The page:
• some local banks have structured financings for power generation projects as capital markets transactions involving the public offering by the project company of bonds placed through the Panama Stock Exchange in order to take advantage of tax exemptions afforded by Panama’s securities law to interest and fee payments made under the registered bonds. 
  59. 30.

    Are debt offerings on the capital markets becoming a more common tool in your jurisdiction to refinance construction financing?

  60. As stated, some projects have been financed through public bond offerings. Usually, the bond offering documents contemplate the issuance of at least two series of bonds. One series is issued by the project company to raise funds for the construction of the plant and such series is usually repaid in full when the project starts commercial operation with the proceeds from the issuance of the second series of the bonds, which represent the long-term debt. It is also common for the offering documents to provide that the first series of bonds does not need to be fully placed at once but instead is placed in various issuances that match disbursement needs in the construction stage, in order to minimise negative carry for the project company. 

  61. 31.

    Are power purchase agreements in your jurisdiction denominated in local currency or US dollars?

  62. Power purchase agreements are denominated in US dollar, the currency of legal tender in the Republic of Panama. Therefore, foreign investors in Panama need not be concerned with convertibility or exchange control risks.  

  63. 32.

    Are there regulatory limitations on foreign investment in, or control of, electric generation, transmission or distribution assets?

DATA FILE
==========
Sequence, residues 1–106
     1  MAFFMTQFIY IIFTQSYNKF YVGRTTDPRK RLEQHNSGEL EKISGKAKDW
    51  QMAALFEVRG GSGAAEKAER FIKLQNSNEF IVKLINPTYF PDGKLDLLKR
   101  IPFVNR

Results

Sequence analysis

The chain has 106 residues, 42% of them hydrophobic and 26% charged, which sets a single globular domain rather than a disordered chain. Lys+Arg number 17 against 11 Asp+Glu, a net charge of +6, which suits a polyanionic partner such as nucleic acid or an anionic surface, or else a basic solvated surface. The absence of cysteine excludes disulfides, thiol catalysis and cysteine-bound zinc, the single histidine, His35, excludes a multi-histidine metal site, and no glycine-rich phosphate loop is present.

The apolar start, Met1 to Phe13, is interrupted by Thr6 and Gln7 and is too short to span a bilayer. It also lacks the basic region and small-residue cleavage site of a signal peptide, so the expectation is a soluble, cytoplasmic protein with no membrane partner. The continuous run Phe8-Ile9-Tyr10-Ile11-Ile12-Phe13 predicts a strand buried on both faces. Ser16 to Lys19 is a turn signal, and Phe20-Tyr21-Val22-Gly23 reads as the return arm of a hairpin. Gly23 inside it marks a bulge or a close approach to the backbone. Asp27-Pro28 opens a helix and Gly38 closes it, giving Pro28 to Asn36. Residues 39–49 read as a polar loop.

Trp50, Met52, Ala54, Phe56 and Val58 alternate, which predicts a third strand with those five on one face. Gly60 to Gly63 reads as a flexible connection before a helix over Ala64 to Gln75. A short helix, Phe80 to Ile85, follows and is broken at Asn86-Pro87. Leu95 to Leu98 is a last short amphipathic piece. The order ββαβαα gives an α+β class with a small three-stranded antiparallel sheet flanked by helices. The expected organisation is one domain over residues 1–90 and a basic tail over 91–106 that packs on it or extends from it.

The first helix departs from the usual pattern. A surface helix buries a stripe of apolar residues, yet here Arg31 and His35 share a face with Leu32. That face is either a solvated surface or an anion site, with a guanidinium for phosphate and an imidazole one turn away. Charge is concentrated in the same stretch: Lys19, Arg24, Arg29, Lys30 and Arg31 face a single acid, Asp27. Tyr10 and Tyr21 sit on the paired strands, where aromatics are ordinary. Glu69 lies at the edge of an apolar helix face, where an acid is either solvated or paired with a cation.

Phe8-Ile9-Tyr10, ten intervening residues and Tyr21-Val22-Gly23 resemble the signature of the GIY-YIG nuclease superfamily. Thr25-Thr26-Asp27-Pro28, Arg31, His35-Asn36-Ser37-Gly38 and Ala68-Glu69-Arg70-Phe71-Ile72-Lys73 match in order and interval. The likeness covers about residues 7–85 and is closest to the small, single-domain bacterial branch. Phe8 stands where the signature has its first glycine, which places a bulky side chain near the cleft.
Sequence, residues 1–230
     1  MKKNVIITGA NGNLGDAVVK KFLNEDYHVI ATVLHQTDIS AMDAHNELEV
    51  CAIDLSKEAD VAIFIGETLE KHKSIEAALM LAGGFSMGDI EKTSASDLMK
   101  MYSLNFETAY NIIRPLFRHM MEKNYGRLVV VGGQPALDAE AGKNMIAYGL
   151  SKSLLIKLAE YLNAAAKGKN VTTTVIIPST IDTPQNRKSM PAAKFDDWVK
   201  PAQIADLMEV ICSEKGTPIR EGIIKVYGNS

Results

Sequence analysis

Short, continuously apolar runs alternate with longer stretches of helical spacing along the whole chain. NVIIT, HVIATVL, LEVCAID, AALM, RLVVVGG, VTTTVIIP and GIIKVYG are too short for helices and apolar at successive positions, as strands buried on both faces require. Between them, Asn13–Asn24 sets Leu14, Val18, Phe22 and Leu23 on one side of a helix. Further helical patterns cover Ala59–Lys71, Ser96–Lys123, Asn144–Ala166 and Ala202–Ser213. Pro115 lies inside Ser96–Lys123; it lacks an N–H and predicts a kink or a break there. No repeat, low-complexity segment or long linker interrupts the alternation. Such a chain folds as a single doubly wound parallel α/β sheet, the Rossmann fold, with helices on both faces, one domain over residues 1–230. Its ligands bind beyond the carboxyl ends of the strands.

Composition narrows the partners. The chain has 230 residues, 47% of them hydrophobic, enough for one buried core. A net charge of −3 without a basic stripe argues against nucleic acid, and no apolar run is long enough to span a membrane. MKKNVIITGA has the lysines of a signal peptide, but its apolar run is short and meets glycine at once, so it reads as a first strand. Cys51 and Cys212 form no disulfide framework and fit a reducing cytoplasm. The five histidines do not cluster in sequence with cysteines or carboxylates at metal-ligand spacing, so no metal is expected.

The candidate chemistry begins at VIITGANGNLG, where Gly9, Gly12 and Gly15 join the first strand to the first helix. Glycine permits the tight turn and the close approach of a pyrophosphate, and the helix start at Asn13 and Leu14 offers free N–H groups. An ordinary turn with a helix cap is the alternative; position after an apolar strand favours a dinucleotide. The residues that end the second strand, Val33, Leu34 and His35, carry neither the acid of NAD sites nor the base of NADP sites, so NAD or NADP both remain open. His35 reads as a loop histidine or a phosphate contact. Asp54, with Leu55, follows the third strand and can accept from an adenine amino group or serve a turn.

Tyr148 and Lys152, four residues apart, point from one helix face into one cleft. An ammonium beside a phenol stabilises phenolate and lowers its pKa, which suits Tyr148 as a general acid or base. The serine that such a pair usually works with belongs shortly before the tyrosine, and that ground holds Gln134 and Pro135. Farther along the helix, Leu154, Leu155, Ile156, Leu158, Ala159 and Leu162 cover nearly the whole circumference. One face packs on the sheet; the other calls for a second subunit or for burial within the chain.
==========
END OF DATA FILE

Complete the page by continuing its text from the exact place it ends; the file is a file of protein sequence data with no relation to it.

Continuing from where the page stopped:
64. Not for generation. In the case of distribution and as discussed above, the government maintains an important stake in all power distribution companies and an important minority participation in four power generation companies. Private investors that purchased the shares of said companies during the 90s have, however, been granted operational control of them.

    In general, the law grants the state-owned ETESA a monopoly on providing transmission services.

  65. 33.

    How active in your jurisdiction is the M&A market for power assets?

  66. It is very active in the generation sector. In recent years, power generation projects have been developed or purchased by (i) large and mid-size international energy groups, whose core business is the energy sector; or (ii) international private equity energy firms that have teamed up with either local investors or investors described (i) for the purchase of power generation projects; (iii) solely by local investors; or (iv) some suppliers of equipment that have taken a stake (usually a minority one) in the project. Equity shares in power generation projects are regularly sold and purchased by local and international investors without major restrictions.

    The number of authorised distributors remains fixed and therefore there has not been much M&A activity in this sector. 

  67. 34.

    What are the most common dispute resolution mechanisms under local law-governed power purchase agreements in your jurisdiction?

  68. The standard form of power purchase agreements provides for disputes to be settled through arbitration before the ASEP as arbitrator tribunal. Most dispute settlement clauses incorporate alternative dispute settlement mechanisms that could be activated by the parties before initiating arbitration proceedings.   

Interested in contributing to Latin Lawyer Reference?


Questions

  1. 1.

    What are the principal power sources in your jurisdiction?


  2. 2.

    What are the current trends affecting the energy mix in your jurisdiction?


  3. 3.

    What are the current forecasts for electricity demand in your jurisdiction?


  4. 4.

    Is there an open electricity market in your jurisdiction? Are any activities in the electricity market reserved for the government only? Are private entities allowed to build and operate power plants and transmission and distribution lines?


  5. 5.

    What is the role and function of the regulator? Would you describe the regulator as being independent?


  6. 6.

    Is there an open market for off-takers in your jurisdiction or are there restrictions on the sale of electricity?


  7. 7.

    If the sale of power is to a public utility as offtaker, are such entity's payment obligations backed-up or guaranteed by the government?